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Hungarian Apple Cake – Almás Pite
Creamy yellow wax bean stew is a wonderful summer meal made with freshly picked yellow wax beans, a good portion of sour cream, minced garlic and a pinch of paprika powder. It goes so well either by itself or as a side with fried eggs or sausages of frankfurter. It is a thick soup (vegetable stew or pottage), called “főzelék”. This is a delicious summer dish, quick and easy recipe to make, done in 30 minutes. It can be served at room temperature, warmed, or my favorite — cold. You can make it vegan and gluten free, just use vegetable cream instead of sour cream and gluten free (brown rice) flour.
What is “főzelék”?
Főzelék is a special category in Hungarian cuisine, is a type of thick Hungarian vegetable stew or soup, similar to pottage. It is not quite like a soup, and thinner than a stew. It is simply cooked, typically by simmering, not mashing.Főzelék is often eaten as the main course for lunch or like a garnish for different meat courses. Főzelék was typically a home-made food, and was considered as an ordinary type of meal so traditionally it seldom appeared on restaurant menus but in recent years, as part of the culinary revolution in Hungary, főzelék enjoys a revival and it is much more common to be found on menus, there are even places dedicated to offering various főzelék as main course. Főzelék is often eaten as the main course for lunch or like a garnish for different meat courses.
How to thicken it?
There are 2 options to thicken a vegetable stew.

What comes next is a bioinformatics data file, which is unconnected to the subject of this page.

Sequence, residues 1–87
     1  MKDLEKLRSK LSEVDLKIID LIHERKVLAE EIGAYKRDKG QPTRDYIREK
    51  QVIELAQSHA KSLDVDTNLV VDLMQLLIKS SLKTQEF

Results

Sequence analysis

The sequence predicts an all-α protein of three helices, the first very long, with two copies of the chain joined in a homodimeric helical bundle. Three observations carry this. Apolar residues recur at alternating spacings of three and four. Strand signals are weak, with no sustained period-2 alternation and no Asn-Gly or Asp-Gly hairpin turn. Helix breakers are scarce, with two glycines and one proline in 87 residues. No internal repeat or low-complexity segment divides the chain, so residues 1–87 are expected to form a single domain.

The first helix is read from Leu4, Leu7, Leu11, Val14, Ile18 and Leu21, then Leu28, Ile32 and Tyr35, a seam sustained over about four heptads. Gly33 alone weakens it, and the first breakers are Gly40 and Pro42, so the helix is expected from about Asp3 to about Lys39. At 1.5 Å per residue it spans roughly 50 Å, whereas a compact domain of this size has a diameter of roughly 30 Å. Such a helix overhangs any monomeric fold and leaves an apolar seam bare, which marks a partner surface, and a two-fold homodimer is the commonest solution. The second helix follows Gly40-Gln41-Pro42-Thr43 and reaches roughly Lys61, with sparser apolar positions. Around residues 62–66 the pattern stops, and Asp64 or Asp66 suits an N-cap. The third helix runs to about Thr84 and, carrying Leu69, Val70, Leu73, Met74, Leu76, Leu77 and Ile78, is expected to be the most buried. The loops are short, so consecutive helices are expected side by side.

1. Make a roux. Roux is a classic thickening agent for soups and sauces.Roux takes just a few minutes to make, a mixture of equal part of fat (oil, lard, butter) and flour.It is made by stirring the flour into the melted fat and then tasting it for a few minutes so that the floury taste cooks off.
For this dish and do not like to make roux as a thickener. I prefer the 2. option.
2. Mix four and sour cream, whisk it until smooth, temper and add it the the water that you cook the vegetables in.
What kind of flour to use?
I use all purpose flour, you can use any gluten free flour as well, but you have to experience how much to add to thicken the dish perfectly.
Also, if using all purpose flour, you have to know: the differences in American/Canadien and European wheat come down to the amount of gluten and selenium in each.You may need to use more or less flour than the recipe says for the right consistancy. I’m sorry to say this, but you have to experience to make the dish with your local ingredients.